Mahuka became one of only 16 girls to score a point in a high school football game on Oahu, according to Dan Cisco’s “Hawai’i Sports: History, Facts, and Statistics” and a running list since the book was published.
Mahuka and the Hurricanes play host Farrington at Roosevelt in an OIA playoff game on Friday, and Kapolei coach Darren Hernandez will take any points Mahuka can give him. She is actually the backup kicker behind another girl, Arielle Stoyanow, who has been one of the better kickers in the OIA for the past two years. Shandy Hopeau gives Kapolei three girls on the same team, when one girl every couple of years used to be unique.
“The girls are all very good athletes,” Hernandez said. “They wouldn’t be on the team if they couldn’t kick. They are for real.”
Girls who have scored a point in a Hawaii High School football game:
• Tui Moe, Punahou, 1994
• Heather Holbron, Moanalua, 1994
• Lisa Kowal, Punahou, 1995
• Angela Ichinose, ‘Iolani, 1996
• Jessica Kisor, Kalaheo, 1997
• Chelsey-Ann Kaimi, Nanakuli, 2000
• Savannah Sabido, Kahuku, 2000-2001
• Darci Hata, Pac-Five 2002
• Chelsie Sato, McKinley, 2005
• Kodi Look, ‘Iolani, 2007
• Tarra Gabriel, Kamehameha, 2009
• Demiana Gerber, Kapolei, 2011
• Shanelle Atabay Carillo, Farrington, 2012
• Arielle Stoyanow, Kapolei, 2012-13
• Laura Tyler, Castle, 2013
• Paige Mahuka, Kapolei, 2013
• Chenoa Johnston, St. Francis, 2014-15
Chelsey-Ann Kaimi is the only non-kicker of the bunch, scoring the only touchdown by a girl when she broke the plane for Nanakuli in 2000. Here is a Star-Bulletin story from that day: Touchdown scores more than 6 points.
According to Cisco, soccer standout Tui Moe was the first girl to suit up for a high school team in 1994 for Punahou, and she became the first female player to score a point with a PAT against Morse (Calif.) in the Shawn Akina Classic at Aloha Stadium.
Punahou coach Dan Morrison had Lisa Kowal take over for Moe in 1995, and Kowal had a few PATs but never made a field goal.
That honor would have to wait one more year, when ‘Iolani coach Wendell Look had Angela Ichinose line up for a 27-yarder in a 30-6 blowout of Kamehameha at Aloha Stadium. Ichinose’s attempt was true and erased the point-after attempt she missed a drive earlier.
Kalaheo’s Jessica Kisor matched Ichinose with a 27-yarder the following year, but was no backup. Kisor hit Kalaheo’s only two field goals for the season (her other one was 25 yards) and was successful on 23 points after. She was the first girl in Hawaii honored as the best kicker when she was named to the OIA Blue conference’s first team after the season.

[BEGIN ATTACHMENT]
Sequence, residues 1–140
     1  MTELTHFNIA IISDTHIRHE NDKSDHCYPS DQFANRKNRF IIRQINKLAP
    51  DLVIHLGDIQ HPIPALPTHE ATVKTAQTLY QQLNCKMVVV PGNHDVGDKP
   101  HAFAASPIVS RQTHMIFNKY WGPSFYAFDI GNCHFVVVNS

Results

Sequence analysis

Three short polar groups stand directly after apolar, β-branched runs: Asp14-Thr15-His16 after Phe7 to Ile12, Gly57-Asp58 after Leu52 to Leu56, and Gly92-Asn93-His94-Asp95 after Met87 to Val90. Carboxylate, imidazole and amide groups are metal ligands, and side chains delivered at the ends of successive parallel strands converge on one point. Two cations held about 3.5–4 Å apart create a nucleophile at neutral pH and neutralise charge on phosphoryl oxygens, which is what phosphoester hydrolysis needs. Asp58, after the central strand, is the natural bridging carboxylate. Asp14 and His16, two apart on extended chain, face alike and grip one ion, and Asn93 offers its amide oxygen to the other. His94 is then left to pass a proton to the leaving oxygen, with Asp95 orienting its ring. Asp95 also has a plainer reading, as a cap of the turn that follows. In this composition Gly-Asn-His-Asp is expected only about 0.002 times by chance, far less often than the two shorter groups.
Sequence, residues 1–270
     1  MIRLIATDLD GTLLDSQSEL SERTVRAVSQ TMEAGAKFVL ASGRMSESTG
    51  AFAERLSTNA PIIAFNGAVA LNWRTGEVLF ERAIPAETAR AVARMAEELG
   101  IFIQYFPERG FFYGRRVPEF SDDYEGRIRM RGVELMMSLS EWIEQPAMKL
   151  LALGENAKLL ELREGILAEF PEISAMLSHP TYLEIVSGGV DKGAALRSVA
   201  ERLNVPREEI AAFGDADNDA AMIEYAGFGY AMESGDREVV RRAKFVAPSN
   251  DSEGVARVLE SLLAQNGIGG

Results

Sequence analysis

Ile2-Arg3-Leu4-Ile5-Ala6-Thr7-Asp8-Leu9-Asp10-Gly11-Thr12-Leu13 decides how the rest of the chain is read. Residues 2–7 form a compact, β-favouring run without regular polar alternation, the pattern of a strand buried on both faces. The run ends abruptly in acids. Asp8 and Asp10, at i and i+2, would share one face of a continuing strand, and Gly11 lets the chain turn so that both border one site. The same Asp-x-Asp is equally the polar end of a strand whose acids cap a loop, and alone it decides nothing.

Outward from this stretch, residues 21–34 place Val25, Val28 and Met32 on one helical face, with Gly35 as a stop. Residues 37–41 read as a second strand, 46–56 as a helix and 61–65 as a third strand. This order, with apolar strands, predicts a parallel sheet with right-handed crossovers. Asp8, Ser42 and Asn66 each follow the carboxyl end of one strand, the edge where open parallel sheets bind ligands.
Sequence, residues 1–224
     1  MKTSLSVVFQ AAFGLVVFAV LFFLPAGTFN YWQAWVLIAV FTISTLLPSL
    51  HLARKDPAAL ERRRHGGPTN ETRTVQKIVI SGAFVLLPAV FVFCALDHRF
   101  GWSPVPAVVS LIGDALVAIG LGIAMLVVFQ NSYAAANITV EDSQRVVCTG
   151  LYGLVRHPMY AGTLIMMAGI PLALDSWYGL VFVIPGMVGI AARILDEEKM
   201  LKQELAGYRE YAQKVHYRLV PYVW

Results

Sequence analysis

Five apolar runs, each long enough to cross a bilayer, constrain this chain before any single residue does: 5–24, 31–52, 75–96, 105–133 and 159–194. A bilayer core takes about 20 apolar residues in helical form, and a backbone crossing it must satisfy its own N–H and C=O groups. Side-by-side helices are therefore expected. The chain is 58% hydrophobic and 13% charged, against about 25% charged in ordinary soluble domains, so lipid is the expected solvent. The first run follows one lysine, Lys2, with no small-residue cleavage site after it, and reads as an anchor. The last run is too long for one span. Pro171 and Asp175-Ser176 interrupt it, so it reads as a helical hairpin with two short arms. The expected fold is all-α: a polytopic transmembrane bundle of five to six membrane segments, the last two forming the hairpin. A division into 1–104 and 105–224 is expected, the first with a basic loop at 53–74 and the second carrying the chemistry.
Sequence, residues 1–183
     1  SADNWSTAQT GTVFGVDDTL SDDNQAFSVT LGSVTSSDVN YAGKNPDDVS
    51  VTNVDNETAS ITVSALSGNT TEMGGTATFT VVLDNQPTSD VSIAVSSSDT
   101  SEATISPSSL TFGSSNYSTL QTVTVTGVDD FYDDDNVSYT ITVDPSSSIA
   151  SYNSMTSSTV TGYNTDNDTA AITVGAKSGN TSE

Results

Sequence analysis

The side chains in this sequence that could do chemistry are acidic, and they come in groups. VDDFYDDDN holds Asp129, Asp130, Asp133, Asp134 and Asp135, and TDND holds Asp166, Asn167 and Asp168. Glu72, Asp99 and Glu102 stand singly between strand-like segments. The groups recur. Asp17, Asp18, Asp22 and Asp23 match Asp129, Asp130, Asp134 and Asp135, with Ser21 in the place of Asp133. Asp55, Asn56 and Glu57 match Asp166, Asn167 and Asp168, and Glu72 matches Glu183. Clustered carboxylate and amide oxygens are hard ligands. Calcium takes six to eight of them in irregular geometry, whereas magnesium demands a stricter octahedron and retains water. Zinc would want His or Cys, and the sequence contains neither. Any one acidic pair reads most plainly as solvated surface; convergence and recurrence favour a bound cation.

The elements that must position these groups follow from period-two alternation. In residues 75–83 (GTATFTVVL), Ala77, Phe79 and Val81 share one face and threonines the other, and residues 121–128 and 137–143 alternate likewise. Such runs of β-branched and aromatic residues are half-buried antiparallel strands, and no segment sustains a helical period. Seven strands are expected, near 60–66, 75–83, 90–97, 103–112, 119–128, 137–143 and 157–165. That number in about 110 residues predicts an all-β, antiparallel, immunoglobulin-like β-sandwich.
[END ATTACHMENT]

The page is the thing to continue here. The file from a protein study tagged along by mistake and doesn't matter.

A girl would have to wait five years before getting another chance, and Darci Hata of Pac-Five made the most of it. The Maryknoll senior was named a second-team ILH all-star after making 15 of her 17 extra-point attempts and hitting her only field goal attempt, a 27-yarder against Saint Louis.
Although she only lined up from 27 yards out, Hata still holds the record for the longest completed kick by a girl in Hawaii. She drilled a PAT from 35 yards out in a win over Damien. The Wolf Pack weren’t the best at discipline that day; Hata also made a 32-yard extra point and was perfect on her PATs.
Chelsie Sato of McKinley, who was also the setter on the volleyball team that season, has the longest field goal by a girl with a 33-yard effort in a preseason win over Pac-Five.
Kodi Look was the next girl to get a shot, for her father at ‘Iolani, and made 25 of her 27 PAT tries with one miss coming off a bad snap.
Kamehameha’s Tarra Gabriel launched field goals from 27 and 25 yards in 2009.
Longest completed kicks by a girl
• 35 yards: Darci Hata, Pac-Five
• 33 yards: Chelsie Sato, McKinley
• 32 yards: Darci Hata, Pac-Five
• 27 yards: Angela Ichinose, ‘Iolani
• 27 yards: Jessica Kisor, Kalaheo
• 27 yards: Darci Hata, Pac-Five
• 27 yards: Tarra Gabriel, Kamehameha
• 26 yards: Arielle Stoyanow, Kapolei
• 25 yards: Jessica Kisor, Kalaheo
• 25 yards: Arielle Stoyanow, Kapolei
Don’t think of the above list a a fluke of circumstance or a trivial rundown of coaches’ whims. If the list of coaches (Dan Morrison, Look, John Kapele, Don Botelho, William Moeva, David Stant, Nelson Maeda, Randall Okimoto and Darren Hernandez) who have allowed a girl to play with the boys has anything in common, it is that they all have reputations as no-nonsense, old-school football minds. Should Hernandez be faced with a situation in which he needs three points during his playoff run, there is no doubt he would call on Stoyanow, who has kicked a 45-yarder in practice, to collect the points.
But will it be from farther than 35 yards?